1. You (the writer) should know what really happens from the start.
That doesn’t mean you have to know everything that’ll take place in the novel, but the writer should be able to answer three basic questions before they begin:
- Who committed the crime?
Guest column by Antonio Hill, who lives in Barcelona. He is a
professional translator of English-language fiction into Spanish and
speaks fluent English. His thriller, THE SUMMER OF DEAD TOYS
(June 2012, Crown) was called ““Penetrating, atmospheric” by
Kirkus and “Entertaining” by The London Times. Hill’s next Héctor
Salgado novel, THE GOOD SUICIDES, will be published in June 2014.
You see, it becomes almost impossible to conceal things if you’re not even sure what you’re trying to hide. So, the first key to a good thriller is encasing those three elements within several layers of misleading clues. Concerning the main plot, try to forget the writing approach in which characters grow and act in ways you (the author) had not otherwise planned. Your antagonist has a reason to do what he or she does, and a way of behaving afterwards, per their personality. Their actions and reactions should be suitably deceptive to readers; a result of your ability to keep their secret at bay. By the end of the book, when the reader finally learns the truth, it must be consistent with the novel as a whole, while of course keeping true to the genre’s requisite element of surprise.
2. Suspects are the main characters.
Not everyone will agree with this idea, but for me it’s quite important. Usually crime novels have a hero– a main character in charge of the investigation (like a policeman, a journalist, a lawyer or an anonymous person interested in solving the mystery). That hero will probably have their own problems, weaknesses and strengths. But what we call secondary characters—the ones who have a relationship with the victim, the ones who may have committed the murder—must be portrayed as complex human beings. In other words, in real life they would not be secondary characters so give them your attention. Additionally, we lie both in real life and in fiction, so keep that in mind when writing dialogue. Lies can be meaningful for suspense-building, After all, nobody tells the complete truth. Never.
3. The victim must be interesting for readers.
If the victim wasn’t a person with secrets, the whole investigation loses strength. He or she had to have done something at some point that threatens the bad guy. Understanding this can lead to understanding the killer, and makes for a solid plot.
4. First a novel, then a thriller.
It’s all about pace and structure. When you decide you’re going to write fiction, you start with an idea. For instance, when I wrote The Summer of Dead Toys, I knew I wanted to deal with the unexpected consequences of hidden truths. So I designed a criminal plot to convey that.
Of course we all want to read rave reviews, but don’t forget the literary aspects of a story. Characters are not aware they are living in a thriller, so they must behave as normal, human people. That said though, never forget the core criminal plot. It must be ever-present, reappearing in the most unexpected moments to keep the reader engaged.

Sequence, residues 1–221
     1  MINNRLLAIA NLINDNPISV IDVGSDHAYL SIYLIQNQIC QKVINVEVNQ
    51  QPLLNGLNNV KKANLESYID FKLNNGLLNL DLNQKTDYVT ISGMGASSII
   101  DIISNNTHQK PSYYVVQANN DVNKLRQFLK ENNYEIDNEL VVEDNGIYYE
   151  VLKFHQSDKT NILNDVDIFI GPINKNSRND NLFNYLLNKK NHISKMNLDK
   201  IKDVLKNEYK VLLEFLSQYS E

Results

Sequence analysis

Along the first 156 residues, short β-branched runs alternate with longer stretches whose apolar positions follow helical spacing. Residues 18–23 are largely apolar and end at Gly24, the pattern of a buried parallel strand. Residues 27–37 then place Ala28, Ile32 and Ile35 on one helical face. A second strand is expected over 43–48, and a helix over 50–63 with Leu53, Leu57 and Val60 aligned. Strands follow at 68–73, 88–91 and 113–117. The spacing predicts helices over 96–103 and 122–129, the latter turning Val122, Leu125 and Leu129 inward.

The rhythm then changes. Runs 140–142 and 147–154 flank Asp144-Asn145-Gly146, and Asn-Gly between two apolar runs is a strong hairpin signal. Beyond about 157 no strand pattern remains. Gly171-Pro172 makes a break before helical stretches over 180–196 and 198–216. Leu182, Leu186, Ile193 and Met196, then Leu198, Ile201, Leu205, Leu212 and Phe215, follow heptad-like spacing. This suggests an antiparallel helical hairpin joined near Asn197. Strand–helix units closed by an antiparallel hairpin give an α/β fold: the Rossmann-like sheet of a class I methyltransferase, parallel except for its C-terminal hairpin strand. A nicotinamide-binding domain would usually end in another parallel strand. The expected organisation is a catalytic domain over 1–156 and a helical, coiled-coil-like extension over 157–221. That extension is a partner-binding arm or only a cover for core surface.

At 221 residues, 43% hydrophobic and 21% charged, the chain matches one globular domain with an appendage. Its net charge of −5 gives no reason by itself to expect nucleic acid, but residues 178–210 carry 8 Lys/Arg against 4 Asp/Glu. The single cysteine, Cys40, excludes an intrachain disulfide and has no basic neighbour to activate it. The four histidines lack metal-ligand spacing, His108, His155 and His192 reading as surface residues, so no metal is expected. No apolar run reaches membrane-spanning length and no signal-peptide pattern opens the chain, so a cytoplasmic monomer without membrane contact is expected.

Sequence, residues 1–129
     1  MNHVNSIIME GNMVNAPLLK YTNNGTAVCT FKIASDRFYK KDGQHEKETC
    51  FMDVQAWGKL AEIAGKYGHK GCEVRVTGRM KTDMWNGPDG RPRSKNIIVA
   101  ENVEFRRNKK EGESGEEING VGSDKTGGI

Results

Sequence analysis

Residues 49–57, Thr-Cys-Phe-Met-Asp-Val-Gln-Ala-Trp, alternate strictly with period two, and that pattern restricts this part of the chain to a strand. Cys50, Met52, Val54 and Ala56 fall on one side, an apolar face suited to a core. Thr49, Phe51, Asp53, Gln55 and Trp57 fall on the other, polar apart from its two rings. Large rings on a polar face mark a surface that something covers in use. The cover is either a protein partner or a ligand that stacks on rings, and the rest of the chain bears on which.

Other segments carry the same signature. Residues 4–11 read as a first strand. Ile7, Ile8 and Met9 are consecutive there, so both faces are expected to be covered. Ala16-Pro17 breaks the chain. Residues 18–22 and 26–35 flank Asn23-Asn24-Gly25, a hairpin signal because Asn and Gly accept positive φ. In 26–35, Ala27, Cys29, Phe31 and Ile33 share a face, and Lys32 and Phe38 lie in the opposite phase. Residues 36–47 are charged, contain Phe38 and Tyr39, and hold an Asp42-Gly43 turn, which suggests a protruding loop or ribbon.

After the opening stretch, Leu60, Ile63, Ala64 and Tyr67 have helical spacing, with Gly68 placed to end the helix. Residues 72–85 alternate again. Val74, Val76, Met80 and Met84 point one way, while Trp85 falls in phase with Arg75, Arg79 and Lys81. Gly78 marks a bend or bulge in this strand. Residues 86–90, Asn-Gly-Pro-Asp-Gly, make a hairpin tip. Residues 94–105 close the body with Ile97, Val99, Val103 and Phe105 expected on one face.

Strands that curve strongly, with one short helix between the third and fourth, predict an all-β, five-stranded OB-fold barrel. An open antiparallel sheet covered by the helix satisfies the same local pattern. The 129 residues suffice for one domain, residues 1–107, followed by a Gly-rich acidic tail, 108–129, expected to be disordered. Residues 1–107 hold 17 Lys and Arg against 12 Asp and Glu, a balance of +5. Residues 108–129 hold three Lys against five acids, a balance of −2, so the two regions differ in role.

5. (Specifically for authors on their first project:) Finish it!
Writing a thriller is hard work. It’s a long and complex process, and halfway through one could lose motivation: we think of better plots, get bored of our characters, and feel the work lacks quality and intrigue. Thinking that no one will like it is a typical and tempting argument for giving it up, but that sensation can be due only to the fact that you, as the author, know everything that’s going to happen already.
Trust me when I say that carrying on until the end and tying up your loose ends will give you an unexpected confidence. I have seen so many aspiring writers constantly leave their works incomplete. Don’t do that. It’s like running a marathon: keep your strength going all the way to the end. It’s always rewarding to reach the end goal.
Need help crafting an awesome plot for your
story? Check out the new acclaimed resource
by Ronald Tobias, 20 Master Plots.
I Will Speak At These Great Writing Events in 2013-2014:
- April 5-7. 2013: Writer’s Digest Conference East (New York, NY)
- April 19-20, 2013: Kentucky Writers Conference (Bowling Green, KY)
- May 17-19, 2013: PennWriters Conference (Pittsburgh, PA)
- May 23-26, 2013: Writers Guild of Alberta “Words in 3D” Event (Edmonton, Canada)
- June 6-7, 2013: Clarksville Writers Conference (Clarksville, TN)
- June 7-8, 2013: Carnegie Literary Center “Books-in-Progress” Conference (Lexington, KY)
- June 21-23, 2013: Agents & Editors Conference / Writers League of Texas (Austin, TX)
- July 5-6, 2013: Hunt Country Writers Retreat (Middleburg, VA)
- Fall 2013: Writer’s Digest West Conference (Los Angeles, CA)
- Feb. 2014: San Francisco Writers Conference (San Francisco, CA)
- April 11-13, 2014: Missouri Writers Guild Conference (St. Louis, MO)
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Other writing/publishing articles & links for you:
- 6 Keys to Revising Your Fiction.
- Why “Keep Moving Forward” Is the Best Writing Advice We Can Hear.
- How Deadlines Can Help Your Writing.
- Literary Agent Interview: Tamar Rydzinski of Laura Dail Literary.
- Be True to Yourself, and Your Writer Voice Will Come.
- Sell More Books by Building Your Author Platform.
- Follow Chuck Sambuchino on Twitter or find him on Facebook. Learn all about his writing guides on how to get published, how to find a literary agent, and how to write a query letter.